It’s 2016, and living on a boat is no excuse for not having internet. Plus, Charles and I like the internet. We don’t have TV or a phone line on the boat, so we use the internet for everything.

Unfortunately, our Marina feels no responsibility to provide what is at this point an essential utility at a home. They provide a marina wi-fi, which is nearly impossible to connect to and fully impossible to do anything with. I have heard rumors that someone downloaded a podcast on it once, but that story feels like it has been handed down the generations.

Some marinas kindly provide internet connections in your dock box, so all you need to do is wire the short distance from your dock box to your boat. Easy as pie.

For us, it’s a long journey from the top of the dock to our boat. AT&T claims no responsibility for anything past the connection box at the top of the dock, and the marina claims no responsibility for it whatsoever, which leaves us responsible for the no man’s land.

This is the fourth time we have done this project. I am so tired of it. It does not get quicker after the second time. We are super efficient, and it still takes at least 6 hours.

The rest of this is mostly for anyone who is interested in wiring their own internet, or is curious about how much effort it takes to get internet to a boat.

Here’s the process:

  1. Buy category 6 cable, copper, with a nice thick casing. We usually buy 500-1000 feet. Yes, it really is that expensive. No, AT&T and your marina will not care.
  2. On your installation day, make sure that you have plenty of daytime left, and make sure you have time to shower before you go to anything after. Wear clothes that you can get super disgusting. If possible, have at least 2 people working on it. 1 person can do it, but it will be a long, hard day. More than 4 people will be excessive.
  3. Handy things to have:
    1. At least 100 zip ties, and more is better
    2. Staple gun
    3. Electrical tape
    4. A boat pole
    5. Wire strippers
    6. Cutting pliers
    7. An endless supply of patience
  4. Go analyze every single finger and wart (what we call the slips that come off the finger) that your wiring is going to have to go under. In many cases, there will be clearly old, unused, or even snipped wire, that you can use as sending line to bring your new line under each finger. If not, make sure you have your boat pole handy.
  5. Leave the big roll of of cat 6 cable next to your boat.
  6. Tape the end of the wire with electrical tape as best you can, to try to prevent any water from getting in during the sending process.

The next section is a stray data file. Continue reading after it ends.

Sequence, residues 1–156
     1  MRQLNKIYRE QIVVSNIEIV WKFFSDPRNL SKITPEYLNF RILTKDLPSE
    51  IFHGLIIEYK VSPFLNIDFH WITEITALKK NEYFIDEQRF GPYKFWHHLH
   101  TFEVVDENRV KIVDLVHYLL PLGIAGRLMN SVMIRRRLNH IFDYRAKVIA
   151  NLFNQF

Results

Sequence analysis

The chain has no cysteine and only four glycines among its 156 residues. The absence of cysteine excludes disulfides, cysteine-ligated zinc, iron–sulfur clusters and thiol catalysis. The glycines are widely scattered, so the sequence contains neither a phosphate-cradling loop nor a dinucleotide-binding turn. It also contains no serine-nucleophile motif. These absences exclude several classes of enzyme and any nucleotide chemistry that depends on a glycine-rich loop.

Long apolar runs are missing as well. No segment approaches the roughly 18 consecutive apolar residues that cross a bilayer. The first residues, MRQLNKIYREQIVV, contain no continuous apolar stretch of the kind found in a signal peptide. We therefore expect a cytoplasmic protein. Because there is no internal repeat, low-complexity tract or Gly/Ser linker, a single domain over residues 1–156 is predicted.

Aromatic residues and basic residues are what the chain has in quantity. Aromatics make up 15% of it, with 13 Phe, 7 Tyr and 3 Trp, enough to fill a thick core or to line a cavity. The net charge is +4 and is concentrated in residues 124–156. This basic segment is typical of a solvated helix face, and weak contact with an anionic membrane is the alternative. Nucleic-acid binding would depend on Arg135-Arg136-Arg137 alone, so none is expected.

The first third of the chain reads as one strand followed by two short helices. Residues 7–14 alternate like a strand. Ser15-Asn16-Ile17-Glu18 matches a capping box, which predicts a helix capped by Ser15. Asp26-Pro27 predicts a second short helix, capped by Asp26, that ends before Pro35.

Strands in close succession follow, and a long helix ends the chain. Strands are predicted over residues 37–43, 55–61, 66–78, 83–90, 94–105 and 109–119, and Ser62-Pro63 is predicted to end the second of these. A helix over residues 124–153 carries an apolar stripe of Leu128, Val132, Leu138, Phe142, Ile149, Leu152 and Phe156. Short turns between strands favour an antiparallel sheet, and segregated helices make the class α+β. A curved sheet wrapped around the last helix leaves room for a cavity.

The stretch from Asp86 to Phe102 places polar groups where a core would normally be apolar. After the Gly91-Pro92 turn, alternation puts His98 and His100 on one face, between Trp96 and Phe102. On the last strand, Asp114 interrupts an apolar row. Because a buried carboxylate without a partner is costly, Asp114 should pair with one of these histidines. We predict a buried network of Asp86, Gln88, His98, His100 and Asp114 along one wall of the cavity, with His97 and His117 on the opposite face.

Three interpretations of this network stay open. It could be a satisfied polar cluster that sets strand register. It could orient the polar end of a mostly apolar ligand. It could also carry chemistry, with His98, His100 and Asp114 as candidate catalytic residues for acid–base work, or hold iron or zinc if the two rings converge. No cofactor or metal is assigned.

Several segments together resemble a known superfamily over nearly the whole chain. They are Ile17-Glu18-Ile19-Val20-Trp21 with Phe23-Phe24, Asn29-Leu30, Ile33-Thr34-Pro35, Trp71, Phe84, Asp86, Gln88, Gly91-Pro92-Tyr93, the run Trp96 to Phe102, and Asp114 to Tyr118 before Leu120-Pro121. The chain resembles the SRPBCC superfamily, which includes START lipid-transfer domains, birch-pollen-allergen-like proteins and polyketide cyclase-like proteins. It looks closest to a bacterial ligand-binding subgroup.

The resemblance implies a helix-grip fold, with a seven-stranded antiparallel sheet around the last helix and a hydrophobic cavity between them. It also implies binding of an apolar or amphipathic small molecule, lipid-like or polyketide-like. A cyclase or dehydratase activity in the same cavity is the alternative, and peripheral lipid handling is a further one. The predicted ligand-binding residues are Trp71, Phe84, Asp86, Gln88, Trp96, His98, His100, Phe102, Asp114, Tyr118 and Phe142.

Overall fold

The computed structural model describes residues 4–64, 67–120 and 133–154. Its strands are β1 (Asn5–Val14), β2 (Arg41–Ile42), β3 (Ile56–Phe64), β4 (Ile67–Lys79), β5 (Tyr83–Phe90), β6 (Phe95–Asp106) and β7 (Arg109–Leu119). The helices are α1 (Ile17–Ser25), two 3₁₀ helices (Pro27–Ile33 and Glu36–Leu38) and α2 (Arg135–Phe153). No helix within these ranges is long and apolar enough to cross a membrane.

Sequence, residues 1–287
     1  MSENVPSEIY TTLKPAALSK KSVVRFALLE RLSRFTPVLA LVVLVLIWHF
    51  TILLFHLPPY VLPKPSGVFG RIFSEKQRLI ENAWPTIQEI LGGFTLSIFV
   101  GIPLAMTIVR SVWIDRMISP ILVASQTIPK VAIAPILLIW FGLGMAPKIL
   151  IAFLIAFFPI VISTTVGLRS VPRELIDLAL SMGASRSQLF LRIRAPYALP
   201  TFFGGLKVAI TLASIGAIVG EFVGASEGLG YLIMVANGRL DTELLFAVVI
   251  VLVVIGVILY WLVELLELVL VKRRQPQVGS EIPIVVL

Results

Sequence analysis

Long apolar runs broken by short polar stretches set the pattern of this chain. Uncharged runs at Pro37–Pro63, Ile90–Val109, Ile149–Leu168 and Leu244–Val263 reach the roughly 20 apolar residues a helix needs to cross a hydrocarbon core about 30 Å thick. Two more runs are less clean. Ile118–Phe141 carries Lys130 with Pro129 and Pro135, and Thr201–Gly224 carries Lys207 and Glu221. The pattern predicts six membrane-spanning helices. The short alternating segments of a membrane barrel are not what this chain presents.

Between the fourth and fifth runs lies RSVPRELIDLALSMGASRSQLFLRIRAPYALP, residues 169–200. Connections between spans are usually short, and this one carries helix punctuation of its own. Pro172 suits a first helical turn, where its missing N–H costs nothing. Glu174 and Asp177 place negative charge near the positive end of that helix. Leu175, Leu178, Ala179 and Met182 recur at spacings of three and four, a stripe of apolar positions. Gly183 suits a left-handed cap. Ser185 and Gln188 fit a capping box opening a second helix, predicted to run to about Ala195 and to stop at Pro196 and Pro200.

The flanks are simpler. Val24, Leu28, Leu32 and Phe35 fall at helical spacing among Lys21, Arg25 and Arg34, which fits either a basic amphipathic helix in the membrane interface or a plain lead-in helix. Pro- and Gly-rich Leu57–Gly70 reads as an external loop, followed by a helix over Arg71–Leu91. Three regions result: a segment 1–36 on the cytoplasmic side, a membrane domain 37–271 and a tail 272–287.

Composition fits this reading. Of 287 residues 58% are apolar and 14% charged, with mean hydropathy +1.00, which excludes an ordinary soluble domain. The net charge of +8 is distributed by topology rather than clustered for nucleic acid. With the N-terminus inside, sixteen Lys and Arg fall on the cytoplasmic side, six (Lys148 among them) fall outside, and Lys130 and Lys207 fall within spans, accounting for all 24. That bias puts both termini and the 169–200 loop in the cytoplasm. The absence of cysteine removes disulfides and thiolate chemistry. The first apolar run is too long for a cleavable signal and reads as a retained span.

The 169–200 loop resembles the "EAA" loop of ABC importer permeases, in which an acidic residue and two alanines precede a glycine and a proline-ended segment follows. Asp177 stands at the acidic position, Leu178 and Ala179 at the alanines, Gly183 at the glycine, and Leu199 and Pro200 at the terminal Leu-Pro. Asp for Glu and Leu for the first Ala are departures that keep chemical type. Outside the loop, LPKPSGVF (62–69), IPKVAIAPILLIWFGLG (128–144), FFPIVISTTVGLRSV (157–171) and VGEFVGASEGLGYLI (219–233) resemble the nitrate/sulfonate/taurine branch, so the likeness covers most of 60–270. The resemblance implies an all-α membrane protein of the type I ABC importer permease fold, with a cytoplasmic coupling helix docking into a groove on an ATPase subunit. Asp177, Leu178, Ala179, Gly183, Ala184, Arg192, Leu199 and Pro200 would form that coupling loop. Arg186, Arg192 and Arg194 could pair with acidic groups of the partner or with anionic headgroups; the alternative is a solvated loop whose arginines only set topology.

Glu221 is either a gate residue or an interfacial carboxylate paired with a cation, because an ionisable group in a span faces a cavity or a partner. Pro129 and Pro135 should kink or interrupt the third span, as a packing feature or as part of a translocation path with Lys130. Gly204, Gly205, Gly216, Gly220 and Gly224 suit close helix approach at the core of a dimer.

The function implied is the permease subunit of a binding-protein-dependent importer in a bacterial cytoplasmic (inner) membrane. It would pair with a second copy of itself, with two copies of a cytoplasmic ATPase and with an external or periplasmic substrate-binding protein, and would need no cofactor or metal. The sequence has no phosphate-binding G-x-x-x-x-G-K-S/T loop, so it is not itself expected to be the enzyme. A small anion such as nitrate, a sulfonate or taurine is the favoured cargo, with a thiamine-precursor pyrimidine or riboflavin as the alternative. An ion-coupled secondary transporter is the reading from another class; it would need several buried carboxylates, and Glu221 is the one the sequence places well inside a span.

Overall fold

1. Whenever possible, do not pass the cable through water. Also, when securing the cable, try to make sure as little of it is underwater as possible – those sections will erode much more quickly.
    2. If you have two people, split the responsibilities – P1 should be working on constantly bringing more cable through; P2 should be doing staples/zip ties.
  7. Free up 15 feet + of cable at a time form the roll. You want these sections to be long enough to be manageable, but not so short that you have to pull another every 5 minutes.
  8. Use a zip tie to attach the cable right next to your boat.
    • DO NOT fully tighten the zip tie. You will want all of them to be loose, so that as you continue stringing the wire, it is easy to get through.
    • If there is something to attach it to, great. If not, use your staple gun to provide something to hook into. It is best to not attach it to other bundles of cables, because you never know when the marina or other people are going to work on and clip those connections, suddenly leaving your nice cable in the water.
    • When possible, push it under the wart, ideally where it will not be under water (like between concrete blocks).
  9. Continue along the warts and fingers, as close as possible to the dock. This will prevent other boat owners from accidentally pulling it out. Make sure you string it under lines, or power cables, etc. – make it as easy as possible for your internet to be out of the way.  
    • Remember, do not pull any of the zip ties fully tight! Keep pulling cable from the roll by your boat, and bring it through the zip ties already attached.
  10. When going up the ramp to the dock, make sure you leave a lot of slack – not enough that it will ever be in the water, but enough that the rising and lowering of the water with the tides will not strain or pull out the cable.
  11. Call your internet provider to have them come out to the box and turn the internet on. You will need to supervise 100% of this, because otherwise they may not connect the right cable, they may say the could not find the box, etc.
  12. Last: Make a nice long bundle, 8-10 feet, near the boat, and wrap it together with tape or zip ties. You will need this for when something inevitably goes wrong, or you need to move one slip over because your marina told you to, or because the sun eventually corrodes some tiny part of the wiring. Then, cut the wire another 5 feet after that. Connect (or ask your ISP rep very nicely to connect) the wiring to a head, which you can then plug into your modem/router device.
  13. Shower, weep with joy, and try to forget the pain so that if you ever have to do it again, you can start with optimism.